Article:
SUNY Chancellor Kristina Johnson condemned the Department of Education’s proposed changes to Title IX rules in a public letter released on Tuesday.

Betsy DeVos, U.S. Secretary of Education, has been receiving backlash from thousands of universities across the nation since the release of rules in November.

Title IX of the Educational Amendments Act protects students from discrimination on the basis of sex and sets guidelines for sexual assault accusations. The Department of Education’s proposed changes would include narrowing the definition of sexual harassment and allowing for live cross-examinations in trial proceedings.

Andrew Baker, Binghamton University’s Title IX coordinator, said BU will continue to provide the same support, outreach and resources it currently does in Title IX investigations, regardless of the proposed changes. However, the changes could amend how mandated reporters, such as faculty and staff, are defined, allowing some professors and staff members who are currently obligated to report sexual harassment or assault complaints to stay silent.

“The group of individuals required to report information to the Title IX coordinator may become smaller if the proposed regulations remain unchanged,” Baker wrote in an email.

Even if the proposed changes are enacted, most faculty and staff would still be required to report information under another federal law, the Clery Act, which requires universities receiving federal funding to disclose crime statistics, including sexual assault and harassment, provided those crimes are disclosed to campus police or categories of faculty and staff designated as campus security authorities. Baker also noted that New York state has other laws in place to protect students during Title IX investigations.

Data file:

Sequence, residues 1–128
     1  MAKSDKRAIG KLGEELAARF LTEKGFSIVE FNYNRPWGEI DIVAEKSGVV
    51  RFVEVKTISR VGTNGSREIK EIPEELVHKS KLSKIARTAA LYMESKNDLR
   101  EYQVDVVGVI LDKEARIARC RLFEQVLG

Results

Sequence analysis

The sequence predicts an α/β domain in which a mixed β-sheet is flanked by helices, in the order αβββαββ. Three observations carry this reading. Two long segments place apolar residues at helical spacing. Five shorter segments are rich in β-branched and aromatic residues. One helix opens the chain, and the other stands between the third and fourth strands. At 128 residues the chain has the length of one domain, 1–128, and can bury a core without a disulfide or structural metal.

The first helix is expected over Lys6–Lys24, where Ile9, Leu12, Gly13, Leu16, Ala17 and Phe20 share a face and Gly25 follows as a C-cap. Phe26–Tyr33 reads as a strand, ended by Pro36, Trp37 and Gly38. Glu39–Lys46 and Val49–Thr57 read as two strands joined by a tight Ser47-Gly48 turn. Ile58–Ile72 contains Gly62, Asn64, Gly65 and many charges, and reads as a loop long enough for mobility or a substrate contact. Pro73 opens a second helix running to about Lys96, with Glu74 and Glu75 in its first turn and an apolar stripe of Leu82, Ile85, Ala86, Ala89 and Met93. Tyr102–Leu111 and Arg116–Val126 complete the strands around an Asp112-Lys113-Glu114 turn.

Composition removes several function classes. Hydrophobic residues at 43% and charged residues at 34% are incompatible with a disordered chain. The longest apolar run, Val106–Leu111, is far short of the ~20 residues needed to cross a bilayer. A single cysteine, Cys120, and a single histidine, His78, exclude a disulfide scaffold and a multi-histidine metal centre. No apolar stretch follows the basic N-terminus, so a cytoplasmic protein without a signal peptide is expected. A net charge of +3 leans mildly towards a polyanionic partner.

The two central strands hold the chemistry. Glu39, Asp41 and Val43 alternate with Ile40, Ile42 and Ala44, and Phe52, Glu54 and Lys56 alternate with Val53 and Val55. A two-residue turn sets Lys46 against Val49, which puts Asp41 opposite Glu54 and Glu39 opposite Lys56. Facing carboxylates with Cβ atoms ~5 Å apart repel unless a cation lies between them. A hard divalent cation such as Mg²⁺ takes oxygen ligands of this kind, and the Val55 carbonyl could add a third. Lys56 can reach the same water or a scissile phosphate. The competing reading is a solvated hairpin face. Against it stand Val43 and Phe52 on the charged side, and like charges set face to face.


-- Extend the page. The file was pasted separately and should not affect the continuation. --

“NYS Education Law 129-B, which concerns sexual assault, stalking, dating violence, and domestic violence, and has substantial overlap with current Title IX regulations, will continue to remain in effect and require much of what we do now to remain unchanged,” Baker wrote.

The changes could also impact the Office of Student Conduct, which may be required to alter what information it communicates to both parties once an allegation of sexual assault or harassment is raised. Another relevant change would give both parties increased opportunity to access evidence collected during the investigation, which could add to the length of the process.

Breanna Langett, a senior double-majoring in history and classical and Near Eastern studies, said she thinks Title IX should still be aligned with laws like 129-B to maximize protections for students.

“It’s important to be protected under all laws so there is a common ground for all universities and colleges,” Langett said. “One college should not have lesser protections than another as it is not fair to the student.”

Along with the inconsistencies in state and federal law, Johnson’s letter states there is no evidence the proposed regulations are aimed at reducing discrimination on the basis of sex.

In a statement released in November, Johnson said she took pride in New York’s “Enough is Enough” legislation, which combats sexual assault on public and private university campuses. She also named two free web-based tools for victims and survivors of sexual assault or interpersonal violence, including the Sexual Assault and Violence Response and a Sexual and Interpersonal Violence Prevention and Response Course.

“It is from this foundation that we will present our expertise during the public comment period for the Department of Education’s proposed regulations for Title IX and look forward to submitting comments that are reflective of the views of our campuses, students and their families,” Johnson said.

Margaret Shea, a junior majoring in sociology, said she thinks the proposed Title IX changes should be made more apparent to students.

“I was not informed about the Title IX changes to the Educational Amendments Act,” Shea said. “I do believe students have the right to know about the changes in their educational experience, whether the impact is noticeable or not.”